# Watch: A top-down juggling act

Originally published at: Watch: A top-down juggling act | Boing Boing

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pretty cool, i wonder what 3 items looks like? 4 is the ‘weird’ amount to juggle.

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I had to stop and try to think about what juggling four balls looks like normally.
Luckily, she’s got a video for that:

But she also has top-down videos of juggling other numbers of items. The three balls looks even weirder, but she’s also doing fancier juggling there:

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Taylor Tries is awesome.

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It’s much cooler from below, in person, where you’re thinking about these objects coming down on your face.

(That’s me on top, btw; we used to have the world record in this)

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Needs a “wonderful things” tag.

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Dangit she’s good. Now I have to try that over-the-shoulder flourish, hoping I don’t bean anyone when I get it wrong.

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I want to see four gopros juggled and get their perspective shown on a four panel video.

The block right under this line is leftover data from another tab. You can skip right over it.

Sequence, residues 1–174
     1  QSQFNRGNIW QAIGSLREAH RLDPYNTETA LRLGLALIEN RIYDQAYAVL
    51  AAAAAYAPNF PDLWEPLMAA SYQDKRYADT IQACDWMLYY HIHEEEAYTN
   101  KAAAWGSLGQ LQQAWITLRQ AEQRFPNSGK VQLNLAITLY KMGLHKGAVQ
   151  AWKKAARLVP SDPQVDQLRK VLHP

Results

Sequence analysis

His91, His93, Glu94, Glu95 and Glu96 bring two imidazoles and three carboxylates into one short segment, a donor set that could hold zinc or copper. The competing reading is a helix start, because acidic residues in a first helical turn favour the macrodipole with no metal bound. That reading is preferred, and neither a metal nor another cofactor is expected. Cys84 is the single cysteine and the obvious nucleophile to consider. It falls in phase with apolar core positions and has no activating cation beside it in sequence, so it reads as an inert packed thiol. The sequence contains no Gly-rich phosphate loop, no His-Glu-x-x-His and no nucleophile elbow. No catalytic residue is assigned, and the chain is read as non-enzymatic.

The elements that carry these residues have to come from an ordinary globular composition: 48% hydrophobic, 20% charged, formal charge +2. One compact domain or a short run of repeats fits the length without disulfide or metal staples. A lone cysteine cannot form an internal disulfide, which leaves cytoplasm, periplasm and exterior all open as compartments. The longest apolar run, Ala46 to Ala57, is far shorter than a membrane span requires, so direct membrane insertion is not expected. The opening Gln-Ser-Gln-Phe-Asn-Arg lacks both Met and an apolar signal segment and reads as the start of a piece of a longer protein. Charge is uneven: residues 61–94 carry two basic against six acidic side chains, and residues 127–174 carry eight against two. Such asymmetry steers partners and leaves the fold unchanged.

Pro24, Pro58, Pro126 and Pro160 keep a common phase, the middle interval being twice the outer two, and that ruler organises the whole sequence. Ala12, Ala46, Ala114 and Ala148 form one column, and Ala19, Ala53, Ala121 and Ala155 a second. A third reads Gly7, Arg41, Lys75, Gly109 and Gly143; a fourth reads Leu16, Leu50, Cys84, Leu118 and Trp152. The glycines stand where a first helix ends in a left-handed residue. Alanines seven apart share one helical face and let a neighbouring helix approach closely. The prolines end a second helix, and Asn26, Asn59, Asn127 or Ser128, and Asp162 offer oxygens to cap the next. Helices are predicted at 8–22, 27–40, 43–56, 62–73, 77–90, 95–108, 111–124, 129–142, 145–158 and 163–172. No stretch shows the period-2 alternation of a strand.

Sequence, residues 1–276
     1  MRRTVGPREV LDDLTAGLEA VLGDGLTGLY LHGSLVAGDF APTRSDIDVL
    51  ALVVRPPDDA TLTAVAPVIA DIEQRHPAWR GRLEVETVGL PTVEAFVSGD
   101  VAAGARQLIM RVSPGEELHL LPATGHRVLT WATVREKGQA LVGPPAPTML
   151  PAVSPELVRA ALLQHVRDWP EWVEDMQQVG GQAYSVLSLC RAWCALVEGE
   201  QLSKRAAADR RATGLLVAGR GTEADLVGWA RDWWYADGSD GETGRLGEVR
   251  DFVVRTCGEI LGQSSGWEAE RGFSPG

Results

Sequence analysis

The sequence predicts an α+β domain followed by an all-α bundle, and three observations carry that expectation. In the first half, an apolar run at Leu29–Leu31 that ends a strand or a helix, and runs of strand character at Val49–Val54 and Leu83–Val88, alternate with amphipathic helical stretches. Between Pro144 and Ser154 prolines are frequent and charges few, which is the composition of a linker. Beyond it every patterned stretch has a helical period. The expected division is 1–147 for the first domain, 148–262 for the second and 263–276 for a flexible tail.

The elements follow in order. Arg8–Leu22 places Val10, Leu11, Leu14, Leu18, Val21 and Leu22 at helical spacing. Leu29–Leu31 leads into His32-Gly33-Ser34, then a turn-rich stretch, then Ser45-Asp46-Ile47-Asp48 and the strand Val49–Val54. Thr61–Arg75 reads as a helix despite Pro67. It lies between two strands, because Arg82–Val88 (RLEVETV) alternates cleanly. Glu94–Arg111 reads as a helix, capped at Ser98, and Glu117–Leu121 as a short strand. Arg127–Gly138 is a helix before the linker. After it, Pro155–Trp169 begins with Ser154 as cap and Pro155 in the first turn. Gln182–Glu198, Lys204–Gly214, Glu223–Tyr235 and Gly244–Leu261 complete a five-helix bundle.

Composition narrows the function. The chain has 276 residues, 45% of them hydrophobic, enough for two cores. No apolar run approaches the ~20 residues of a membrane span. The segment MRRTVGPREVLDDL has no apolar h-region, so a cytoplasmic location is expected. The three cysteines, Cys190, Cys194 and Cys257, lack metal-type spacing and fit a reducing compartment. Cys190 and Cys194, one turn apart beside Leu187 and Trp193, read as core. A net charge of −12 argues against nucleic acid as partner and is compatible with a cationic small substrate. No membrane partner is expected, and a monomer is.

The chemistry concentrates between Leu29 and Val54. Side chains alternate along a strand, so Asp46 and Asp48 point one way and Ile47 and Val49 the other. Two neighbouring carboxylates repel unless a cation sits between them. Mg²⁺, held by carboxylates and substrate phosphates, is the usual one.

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This perspective really brings out just how controlled and stable the tosses are in the hands of a really good juggler. The hovering and slight enlargement and shrinking of the balls is so surreal…

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Looks like the over-the-top videos were shot from high cameras with long lenses. This tends to compress the motion so the balls look like they aren’t changing size. This is like if you move forward 10 feet when you’re 100 ft from the camera vs. the same motion when 20 ft from the camera. In the former, the perceived size of the person barely changes while in the latter, his perceived size doubles.

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Claude Shannon, founding brain of the field of information theory, also loved juggling and derived the formula for the maximum number of objects one could juggle in a delightful paper.

B = (F + D) H /(V + D)

F = Flight time - how long a ball is in the air
D = Dwell time - how long a ball is held in a hand
H = number of hands
V = Vacant time - how long a hand is empty
B = number of balls being juggled

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Indeed, Shannon not only built the first juggling robot, but he had an air hockey table put at a slant on which one could juggle in low gravity! Of course he also built computers that would compute in Roman numerals in hardware so this was hardly his most frivolous pursuit.

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Here’s three, just one panel

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That was less disorienting than I expected.

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thx!

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